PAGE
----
blogging by Andrew Wickliffe

Superboy and the Legion of Super-Heroes (1977) #245


Maybe I need to be more invested in the big villain reveal—it’s Mordru, who’s some kind of space wizard who the Legion always foils. He talks a lot and has no weaknesses other than being buried underground. Only four Legionnaires are left to take him on—Superboy, Karate Kid, Lightning Lad, and Saturn Girl. Last issue, I thought Saturn Girl was the science police officer who’d been trying to warn everyone; nope. That officer never comes back in the issue, so no one has to learn to listen to lady science cops.

The four heroes have to figure out how to beat Mordru, who’s commanding an invading army of a million Khurds on Earth. Mordru’s mind control powers seem limitless, with a couple of pages dedicated to recapping how he was controlling x, y, and z in the last five or six issues of Superboy and the Legion. He’s just an infinitely powerful villain. There’s nothing else to him. His goal is just to destroy Earth for revenge against the Legion. It’s not particularly interesting.

After their initial escape, Superboy gets temporarily brainwashed—that magic weakness—and there’s a fight scene with Karate Kid. It’s pretty silly. I don’t know if it’s because of Karate Kid’s giant lapels or the tropical island setting, but it’s not particularly exciting. Then the superheroes’ plan for taking on Mordru is also visually wanting. They’ve got to free the entire captive Legion… it might just be the mix of Staton and Anderson. Maybe the visuals would be better with different inking, but also maybe not.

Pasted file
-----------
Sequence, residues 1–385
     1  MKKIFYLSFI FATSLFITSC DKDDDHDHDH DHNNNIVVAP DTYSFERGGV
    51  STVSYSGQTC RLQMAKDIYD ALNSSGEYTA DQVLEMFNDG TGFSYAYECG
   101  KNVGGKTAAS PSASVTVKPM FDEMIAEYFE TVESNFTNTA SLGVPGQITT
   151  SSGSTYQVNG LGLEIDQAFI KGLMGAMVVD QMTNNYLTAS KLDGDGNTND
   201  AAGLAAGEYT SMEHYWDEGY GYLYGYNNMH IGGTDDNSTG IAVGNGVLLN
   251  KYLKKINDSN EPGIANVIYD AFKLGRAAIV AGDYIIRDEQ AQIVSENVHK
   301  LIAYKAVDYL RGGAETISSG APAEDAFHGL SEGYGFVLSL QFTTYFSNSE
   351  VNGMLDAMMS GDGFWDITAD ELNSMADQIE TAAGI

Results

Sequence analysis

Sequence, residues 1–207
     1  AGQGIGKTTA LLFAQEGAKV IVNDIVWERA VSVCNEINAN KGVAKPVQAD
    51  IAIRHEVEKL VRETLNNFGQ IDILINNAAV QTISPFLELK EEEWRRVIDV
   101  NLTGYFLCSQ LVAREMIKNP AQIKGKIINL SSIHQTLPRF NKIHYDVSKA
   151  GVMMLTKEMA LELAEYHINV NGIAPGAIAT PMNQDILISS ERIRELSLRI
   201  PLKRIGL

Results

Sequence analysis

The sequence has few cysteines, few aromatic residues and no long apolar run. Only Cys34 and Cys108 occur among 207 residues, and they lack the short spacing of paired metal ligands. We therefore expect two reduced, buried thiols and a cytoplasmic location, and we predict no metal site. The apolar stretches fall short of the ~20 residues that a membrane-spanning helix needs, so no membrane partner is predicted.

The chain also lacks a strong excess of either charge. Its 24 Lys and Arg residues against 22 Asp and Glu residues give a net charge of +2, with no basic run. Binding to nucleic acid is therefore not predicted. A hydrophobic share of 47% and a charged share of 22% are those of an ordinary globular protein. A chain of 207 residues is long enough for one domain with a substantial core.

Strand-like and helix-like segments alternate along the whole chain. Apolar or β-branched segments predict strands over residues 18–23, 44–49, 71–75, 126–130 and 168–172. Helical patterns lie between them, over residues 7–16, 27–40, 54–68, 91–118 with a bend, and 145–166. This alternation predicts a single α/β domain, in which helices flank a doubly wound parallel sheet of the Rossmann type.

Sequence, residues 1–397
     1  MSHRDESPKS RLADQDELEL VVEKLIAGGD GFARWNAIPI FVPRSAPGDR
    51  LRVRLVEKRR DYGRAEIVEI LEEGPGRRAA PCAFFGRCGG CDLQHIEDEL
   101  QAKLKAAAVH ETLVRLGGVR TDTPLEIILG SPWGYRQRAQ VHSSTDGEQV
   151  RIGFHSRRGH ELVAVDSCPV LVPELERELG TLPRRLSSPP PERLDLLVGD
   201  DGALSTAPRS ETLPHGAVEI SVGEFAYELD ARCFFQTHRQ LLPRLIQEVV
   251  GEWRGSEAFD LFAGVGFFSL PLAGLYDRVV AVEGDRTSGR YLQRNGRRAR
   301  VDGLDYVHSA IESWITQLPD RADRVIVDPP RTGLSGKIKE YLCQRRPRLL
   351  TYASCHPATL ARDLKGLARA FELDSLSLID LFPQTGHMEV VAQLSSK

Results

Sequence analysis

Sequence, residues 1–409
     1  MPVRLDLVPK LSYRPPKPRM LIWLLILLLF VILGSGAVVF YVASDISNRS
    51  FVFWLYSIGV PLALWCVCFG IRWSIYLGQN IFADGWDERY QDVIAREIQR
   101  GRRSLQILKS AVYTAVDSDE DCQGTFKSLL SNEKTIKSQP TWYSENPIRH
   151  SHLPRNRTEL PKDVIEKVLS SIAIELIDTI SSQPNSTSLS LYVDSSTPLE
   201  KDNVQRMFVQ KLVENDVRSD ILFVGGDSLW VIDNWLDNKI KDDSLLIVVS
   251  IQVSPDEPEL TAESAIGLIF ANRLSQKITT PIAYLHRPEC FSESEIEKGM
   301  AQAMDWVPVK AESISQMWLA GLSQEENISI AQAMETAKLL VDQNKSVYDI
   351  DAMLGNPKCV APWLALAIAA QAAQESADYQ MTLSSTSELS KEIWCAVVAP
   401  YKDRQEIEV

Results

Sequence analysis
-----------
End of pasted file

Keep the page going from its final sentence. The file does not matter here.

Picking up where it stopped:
There’s not a lot of dramatic weight to the story. Of course, in the background, there’s still the intergalactic peace process or whatever, but it’s not part of the main story. It’s like writer Paul Levitz ran out of creative angles for the story and instead did a superhero team versus villain story.

The epilogue’s got a significant potential development for the Legion going forward, but it’s mostly just an excuse for Staton and Anderson to draw the whole team together, which isn’t visually impressive. That exceptionally minor charm Staton’s art had in the previous issue must’ve been because of the Joe Giella inks. Does Anderson sap the energy, or is there just no energy to such a lackluster conclusion?

It’s hard to go from future sci-fi superhero war comic to just a wizard.

Though, again, maybe it’s different if you’re invested in Mordru. But Levitz doesn’t do anything to suggest one ought to be either.


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